Synthetic cathinones are human-made stimulating substances chemically related to the alkaloid derived from khat plant native to the African Horn and the Arabian Peninsula, specifically Saudi Arabia. In the U.S., these substances are more commonly referred to as “bath salts” as they are marketed in this way in an attempt to evade drug laws.
What Are Synthetic Cathinones?
Traditionally, khat leaves are chewed and ingested orally and induce mildly stimulating effects. However, synthetic cathinones are typically much more potent than their all-natural counterparts, and in most cases, much more dangerous. Synthetic cathinones are often sold in plastic or foil packages labeled as “not for human consumption.” They may be marketed as bath salts, plant food, jewelry cleaner, or any number of inedible products.
While, as noted, synthetic cathinones are most often referred to as “bath salts,” NIDA (National Institute on Drug Abuse) has stressed that such a reference is in name only. These substances should never be compared to genuine bathing products, such as Epsom salts, which do not produce intoxicating effects when ingested.
Moreover, synthetic cathinones have no real purpose for bathing. They are solely used for recreational drug abuse, as a less expensive alternative to other stimulants, such as cocaine and meth. Cathinones can often be found online, behind the counter in convenience stores, gas stations, and tobacco or “head” shops.
Synthetic cathinones are commonly sold in 200-500 mg packages under brand names such as Bloom, Red Dove, Snow Day, Vanilla Sky, and many more. Synthetic cathinones range from a white-brown crystal-like powder and can come in capsule or tablet form. They are most often ingested orally but can also be crushed and snorted, smoked, or most dangerously, injected.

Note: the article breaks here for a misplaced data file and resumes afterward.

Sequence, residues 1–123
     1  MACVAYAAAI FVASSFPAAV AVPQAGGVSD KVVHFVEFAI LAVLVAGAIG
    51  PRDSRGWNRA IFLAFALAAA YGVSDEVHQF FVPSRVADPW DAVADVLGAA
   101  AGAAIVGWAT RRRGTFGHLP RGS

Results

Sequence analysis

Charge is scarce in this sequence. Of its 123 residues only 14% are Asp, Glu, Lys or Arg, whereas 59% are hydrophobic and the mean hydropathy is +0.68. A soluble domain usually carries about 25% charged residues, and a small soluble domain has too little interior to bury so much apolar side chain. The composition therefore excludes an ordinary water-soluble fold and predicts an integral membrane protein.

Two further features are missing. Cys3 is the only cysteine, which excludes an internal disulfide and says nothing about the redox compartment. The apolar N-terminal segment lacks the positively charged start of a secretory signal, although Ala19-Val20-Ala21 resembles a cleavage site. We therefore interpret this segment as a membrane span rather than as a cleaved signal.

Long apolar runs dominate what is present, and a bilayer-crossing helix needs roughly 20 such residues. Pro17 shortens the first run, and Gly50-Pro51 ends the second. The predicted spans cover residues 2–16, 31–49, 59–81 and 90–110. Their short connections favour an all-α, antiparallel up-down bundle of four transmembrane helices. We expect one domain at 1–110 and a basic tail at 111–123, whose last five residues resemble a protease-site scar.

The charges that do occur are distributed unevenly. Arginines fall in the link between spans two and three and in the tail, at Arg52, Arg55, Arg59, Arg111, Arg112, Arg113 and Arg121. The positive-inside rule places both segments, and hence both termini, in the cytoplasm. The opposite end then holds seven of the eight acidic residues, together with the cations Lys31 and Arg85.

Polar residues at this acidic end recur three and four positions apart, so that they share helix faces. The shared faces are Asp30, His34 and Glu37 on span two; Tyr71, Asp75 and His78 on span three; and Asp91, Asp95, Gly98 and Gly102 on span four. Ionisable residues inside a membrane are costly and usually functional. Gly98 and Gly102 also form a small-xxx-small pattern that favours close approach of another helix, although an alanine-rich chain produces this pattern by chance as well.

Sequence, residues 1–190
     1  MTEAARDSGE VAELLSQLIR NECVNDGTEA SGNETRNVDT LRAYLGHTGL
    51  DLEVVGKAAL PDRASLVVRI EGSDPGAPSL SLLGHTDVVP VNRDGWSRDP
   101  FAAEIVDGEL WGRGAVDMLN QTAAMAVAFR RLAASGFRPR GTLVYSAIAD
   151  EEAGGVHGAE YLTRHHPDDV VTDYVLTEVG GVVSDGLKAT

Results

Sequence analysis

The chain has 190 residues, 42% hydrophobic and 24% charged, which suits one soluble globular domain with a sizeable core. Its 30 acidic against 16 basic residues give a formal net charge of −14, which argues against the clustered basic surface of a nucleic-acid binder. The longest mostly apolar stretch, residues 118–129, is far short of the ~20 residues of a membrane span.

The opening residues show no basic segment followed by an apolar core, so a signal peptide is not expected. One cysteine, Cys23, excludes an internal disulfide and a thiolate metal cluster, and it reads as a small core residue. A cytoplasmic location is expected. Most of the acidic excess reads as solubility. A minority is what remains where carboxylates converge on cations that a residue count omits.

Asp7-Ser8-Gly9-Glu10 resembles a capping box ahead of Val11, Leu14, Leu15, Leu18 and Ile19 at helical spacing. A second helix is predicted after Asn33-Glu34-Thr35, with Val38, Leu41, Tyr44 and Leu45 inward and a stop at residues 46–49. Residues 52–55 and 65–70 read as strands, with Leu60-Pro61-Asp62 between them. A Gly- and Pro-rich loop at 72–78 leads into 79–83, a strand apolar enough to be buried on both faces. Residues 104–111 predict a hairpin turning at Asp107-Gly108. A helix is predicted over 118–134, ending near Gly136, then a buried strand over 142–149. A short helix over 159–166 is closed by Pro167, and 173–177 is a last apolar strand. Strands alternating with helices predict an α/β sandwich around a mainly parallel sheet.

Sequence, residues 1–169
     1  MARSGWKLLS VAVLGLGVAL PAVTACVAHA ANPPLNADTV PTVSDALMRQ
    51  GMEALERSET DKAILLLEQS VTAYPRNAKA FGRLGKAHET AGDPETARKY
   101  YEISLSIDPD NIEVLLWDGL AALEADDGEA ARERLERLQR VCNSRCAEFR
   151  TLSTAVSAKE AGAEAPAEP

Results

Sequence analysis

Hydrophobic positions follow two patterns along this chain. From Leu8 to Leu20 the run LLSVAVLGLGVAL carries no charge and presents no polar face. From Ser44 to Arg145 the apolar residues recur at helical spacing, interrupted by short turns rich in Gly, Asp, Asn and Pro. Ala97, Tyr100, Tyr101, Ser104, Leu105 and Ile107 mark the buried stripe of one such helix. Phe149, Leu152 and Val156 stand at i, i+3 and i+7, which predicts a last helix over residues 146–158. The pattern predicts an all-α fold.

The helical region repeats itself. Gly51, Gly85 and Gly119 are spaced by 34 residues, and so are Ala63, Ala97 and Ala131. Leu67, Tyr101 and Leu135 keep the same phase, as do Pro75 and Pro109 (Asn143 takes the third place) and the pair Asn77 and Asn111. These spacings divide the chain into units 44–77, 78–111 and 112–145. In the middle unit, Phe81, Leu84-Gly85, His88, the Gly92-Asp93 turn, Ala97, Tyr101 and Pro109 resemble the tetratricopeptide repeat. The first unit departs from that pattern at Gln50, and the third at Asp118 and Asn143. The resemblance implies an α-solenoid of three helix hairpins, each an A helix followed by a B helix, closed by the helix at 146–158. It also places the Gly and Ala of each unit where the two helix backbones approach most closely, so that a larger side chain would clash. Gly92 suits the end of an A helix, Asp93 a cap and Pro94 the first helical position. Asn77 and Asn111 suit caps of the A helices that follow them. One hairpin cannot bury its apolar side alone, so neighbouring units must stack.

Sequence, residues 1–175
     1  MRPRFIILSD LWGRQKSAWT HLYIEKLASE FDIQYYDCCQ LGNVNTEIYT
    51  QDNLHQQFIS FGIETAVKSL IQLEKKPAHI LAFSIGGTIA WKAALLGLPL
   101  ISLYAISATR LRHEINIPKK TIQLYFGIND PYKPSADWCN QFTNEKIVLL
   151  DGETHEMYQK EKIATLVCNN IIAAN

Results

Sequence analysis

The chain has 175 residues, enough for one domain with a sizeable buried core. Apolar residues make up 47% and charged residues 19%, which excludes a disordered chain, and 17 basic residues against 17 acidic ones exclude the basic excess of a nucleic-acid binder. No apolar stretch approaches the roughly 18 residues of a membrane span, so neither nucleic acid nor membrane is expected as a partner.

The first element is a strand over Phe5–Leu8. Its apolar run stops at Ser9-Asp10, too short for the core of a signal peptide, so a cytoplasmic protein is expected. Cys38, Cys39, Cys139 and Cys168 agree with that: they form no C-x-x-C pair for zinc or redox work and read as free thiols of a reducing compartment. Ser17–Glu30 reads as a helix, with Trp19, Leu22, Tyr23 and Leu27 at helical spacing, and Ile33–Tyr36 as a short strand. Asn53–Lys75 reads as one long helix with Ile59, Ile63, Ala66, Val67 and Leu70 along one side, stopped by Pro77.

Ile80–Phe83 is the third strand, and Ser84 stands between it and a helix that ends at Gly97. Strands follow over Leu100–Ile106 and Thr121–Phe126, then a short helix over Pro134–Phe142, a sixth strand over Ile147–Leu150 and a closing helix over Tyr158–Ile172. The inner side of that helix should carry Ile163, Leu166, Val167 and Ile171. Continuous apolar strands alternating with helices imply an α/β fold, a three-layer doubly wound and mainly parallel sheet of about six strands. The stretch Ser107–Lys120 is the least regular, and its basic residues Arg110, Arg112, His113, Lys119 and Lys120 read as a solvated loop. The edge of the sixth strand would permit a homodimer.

Bath salts typically contain the chemicals mephedrone, methylone, MDPV, or MDPK. NIDA reports that MDPV is at least ten times more potent than cocaine. In addition to mephedrone, it is commonly found in patients’ blood and urine admitted to emergency rooms after synthetic cathinone consumption.
Synthetic Cathinone Abuse And Effects
Due to its stimulating effects, synthetic cathinones may be abused by persons across all demographics, looking for a new or more intense high to which they are accustomed. The use of these drugs occurs despite the tremendous dangers and unpredictable and unwanted consequences.
The use of bath salts reached its peak around 2011, and due to high rates of abuse and adverse outcomes, Congress counteracted by passing the Synthetic Drug Abuse Prevention Act of 2012. Currently, only MDPV and mephedrone are permanently illegalized chemicals. Although this law is useful, drug makers continue to substitute comparable, unregulated, and uncontrolled chemicals to circumvent this fact.
Many individuals who abuse bath salts do so because they can still be readily purchased through a number of avenues. Also, synthetic cathinones are generally much more potent than many stimulant drugs they are meant to mirror, such as cocaine.
Despite the extraordinarily dangerous and unpredictable effects, new legislation and warnings from federal agencies such as NIDA and the DEA (Drug Enforcement Administration) bath salts abuse has endured. As noted, manufacturers of these drugs bypass legal implications by slightly altering their chemical makeup. They then continue to label synthetic cathinones as numerous different products, all of which are marked as “not for human consumption.”
Effects Of Synthetic Cathinones